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1 Being and Becoming a Highly

Effective Team Leader


Only those who have fully found themselves in this world can realise their natures.
Only those who realise their natures can lead other natures to self-realization. Only
those who lead other natures to self-realisation can realize the nature of things.
(Tzu-Ssu, a grandson of Confucius)
INTRODUCTION
Tzu-Ssus wise words about self-knowledge and self-realization may seem a
little divorced from the reality of school life when you are trying to deal with
next years timetable; decit budgets; yet more changes to the syllabus; boys
underperformance; and the underperformance of a colleague. Yet, at the heart
of this chapter, and indeed the book, is the need for each of us as team leaders
to understand the intimate relationship between knowing, understanding and
developing ourselves and knowing, understanding and developing our team
members. This chapter provides guidance to aspiring and existing team
leaders by responding to the following questions:
What is the key to effective team leadership?
How do I become a highly effective team leader?
What about the constraints, demands and choices associated with my
team leadership role?
What are the characteristics of highly effective leaders?
How can I gauge my personal effectiveness as a team leader?
How can I gauge my competence as a team leader?
What is meant by leadership style? How important is this in leading a
team?
How can I help to improve the quality of what we do and achieve as a
team?
WHAT IS THE KEY TO EFFECTIVE TEAM LEADERSHIP?
Effective team leadership relies upon mastering a wide assortment of skills;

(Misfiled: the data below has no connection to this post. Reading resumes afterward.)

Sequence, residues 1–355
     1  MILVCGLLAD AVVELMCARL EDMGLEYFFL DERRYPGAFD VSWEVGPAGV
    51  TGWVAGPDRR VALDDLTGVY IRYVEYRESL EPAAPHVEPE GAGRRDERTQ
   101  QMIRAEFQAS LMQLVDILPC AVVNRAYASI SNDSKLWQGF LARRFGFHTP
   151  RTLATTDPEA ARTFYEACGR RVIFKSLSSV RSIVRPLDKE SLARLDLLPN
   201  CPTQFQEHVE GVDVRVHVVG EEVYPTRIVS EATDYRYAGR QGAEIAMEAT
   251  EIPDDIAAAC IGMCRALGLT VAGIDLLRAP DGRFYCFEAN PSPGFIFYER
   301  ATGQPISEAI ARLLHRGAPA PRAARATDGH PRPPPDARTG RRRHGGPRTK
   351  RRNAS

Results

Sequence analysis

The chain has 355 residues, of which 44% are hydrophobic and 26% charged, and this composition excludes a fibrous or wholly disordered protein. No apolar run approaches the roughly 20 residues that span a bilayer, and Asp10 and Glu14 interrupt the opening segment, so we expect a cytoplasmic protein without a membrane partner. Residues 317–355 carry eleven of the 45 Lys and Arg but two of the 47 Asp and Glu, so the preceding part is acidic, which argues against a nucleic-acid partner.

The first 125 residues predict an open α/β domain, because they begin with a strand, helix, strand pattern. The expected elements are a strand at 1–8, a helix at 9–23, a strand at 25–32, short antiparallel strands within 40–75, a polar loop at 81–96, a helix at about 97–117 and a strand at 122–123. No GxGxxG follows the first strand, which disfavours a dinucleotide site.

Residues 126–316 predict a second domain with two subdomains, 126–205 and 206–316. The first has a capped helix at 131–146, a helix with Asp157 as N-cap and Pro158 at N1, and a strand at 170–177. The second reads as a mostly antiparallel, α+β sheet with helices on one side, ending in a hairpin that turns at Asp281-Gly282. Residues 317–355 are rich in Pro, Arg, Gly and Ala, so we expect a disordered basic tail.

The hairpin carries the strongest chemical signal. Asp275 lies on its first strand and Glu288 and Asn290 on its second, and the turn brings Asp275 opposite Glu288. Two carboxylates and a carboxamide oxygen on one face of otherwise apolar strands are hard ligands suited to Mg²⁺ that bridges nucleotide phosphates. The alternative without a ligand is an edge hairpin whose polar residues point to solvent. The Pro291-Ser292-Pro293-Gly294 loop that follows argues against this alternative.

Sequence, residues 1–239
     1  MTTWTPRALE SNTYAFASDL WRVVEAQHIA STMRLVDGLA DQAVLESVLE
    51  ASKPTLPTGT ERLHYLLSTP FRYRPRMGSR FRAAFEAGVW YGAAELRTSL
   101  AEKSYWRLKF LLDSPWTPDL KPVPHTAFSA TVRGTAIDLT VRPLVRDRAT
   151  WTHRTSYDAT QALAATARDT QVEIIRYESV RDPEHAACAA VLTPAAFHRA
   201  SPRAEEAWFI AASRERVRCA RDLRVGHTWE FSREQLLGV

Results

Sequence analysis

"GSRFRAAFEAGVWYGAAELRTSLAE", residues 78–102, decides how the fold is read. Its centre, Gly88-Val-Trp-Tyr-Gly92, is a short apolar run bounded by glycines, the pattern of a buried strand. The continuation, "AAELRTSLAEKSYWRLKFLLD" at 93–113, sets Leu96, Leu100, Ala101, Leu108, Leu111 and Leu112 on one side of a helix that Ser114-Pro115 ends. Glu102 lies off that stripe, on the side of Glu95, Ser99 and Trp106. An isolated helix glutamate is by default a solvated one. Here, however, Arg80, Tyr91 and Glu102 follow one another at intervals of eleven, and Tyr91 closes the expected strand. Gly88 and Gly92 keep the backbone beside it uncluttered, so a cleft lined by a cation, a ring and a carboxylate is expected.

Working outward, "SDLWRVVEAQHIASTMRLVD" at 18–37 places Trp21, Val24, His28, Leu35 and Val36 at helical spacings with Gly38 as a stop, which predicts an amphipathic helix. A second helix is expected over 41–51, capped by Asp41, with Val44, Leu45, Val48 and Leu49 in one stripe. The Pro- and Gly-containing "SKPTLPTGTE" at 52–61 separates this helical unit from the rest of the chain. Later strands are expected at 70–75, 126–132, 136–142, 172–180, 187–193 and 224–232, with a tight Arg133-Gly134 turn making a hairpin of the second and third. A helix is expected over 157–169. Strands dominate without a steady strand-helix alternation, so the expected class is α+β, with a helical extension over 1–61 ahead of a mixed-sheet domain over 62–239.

skills ranging from implementing policies and organizing procedures to
motivating staff to achieve high standards. The aim of team leadership is to
assist members of the team to achieve their personal best. To achieve this, team
leaders have to:
( set high, but realistic, performance objectives, not only for themselves, but
also for team colleagues;
( nd ways to improve existing practices and policies; and
( meet and, better still, exceed current standards of learning, teaching, and
pupil achievement.
It is this latter point that provides the focus and rationale for the team leaders
role. However, before team leaders and their teams can achieve their goals, it
is important that they are clear about expectations relating to how things might
be done and the standards of performance that need to be reached, for
example, through the schools improvement plan. Communicating these
expectations to others is an important next step. In this way, team leaders can
also demonstrate their commitment to the key task of improving quality.
Maintaining and improving existing standards is, of course, an ongoing
process that requires team leaders to impress upon their team the importance
of analysing the problem areas they encounter and of working together to nd
solutions. Involving staff in this way helps not only to generate fresh ideas but
also to create a climate of participation and increased motivation.
Point for reection
How do you currently involve your team in looking for ways to improve standards,
practices, processes and performance? Which methods have you found to be most
successful?
HOW DO I BECOME A HIGHLY EFFECTIVE TEAM LEADER?
Highly effective leadership, particularly in the role of team leader, is of crucial
importance to the success of any school. How you perform now, and how you
might perform in the future, often depends on career experiences and on
opportunities for reecting on these experiences. How you are perceived as a
team leader will affect the attitude and performance of those both above and
below you. Because team leaders do not work in isolation, they have to
display a complex mix of different styles, qualities and attitudes to be effective.
These important skills and qualities are likely to derive from your perceptions
of the effectiveness of team leaders that you have worked with and the values
that underpin your approach.
Point for reection
Think of a team leader you know who, in your view, is ineffective in the role.
Suggest reasons why she or he fails to provide adequate leadership. Now, think of
a team leader who you consider is effective. Why do you consider him or her to be
successful?
To be highly effective as team leaders we need to know something about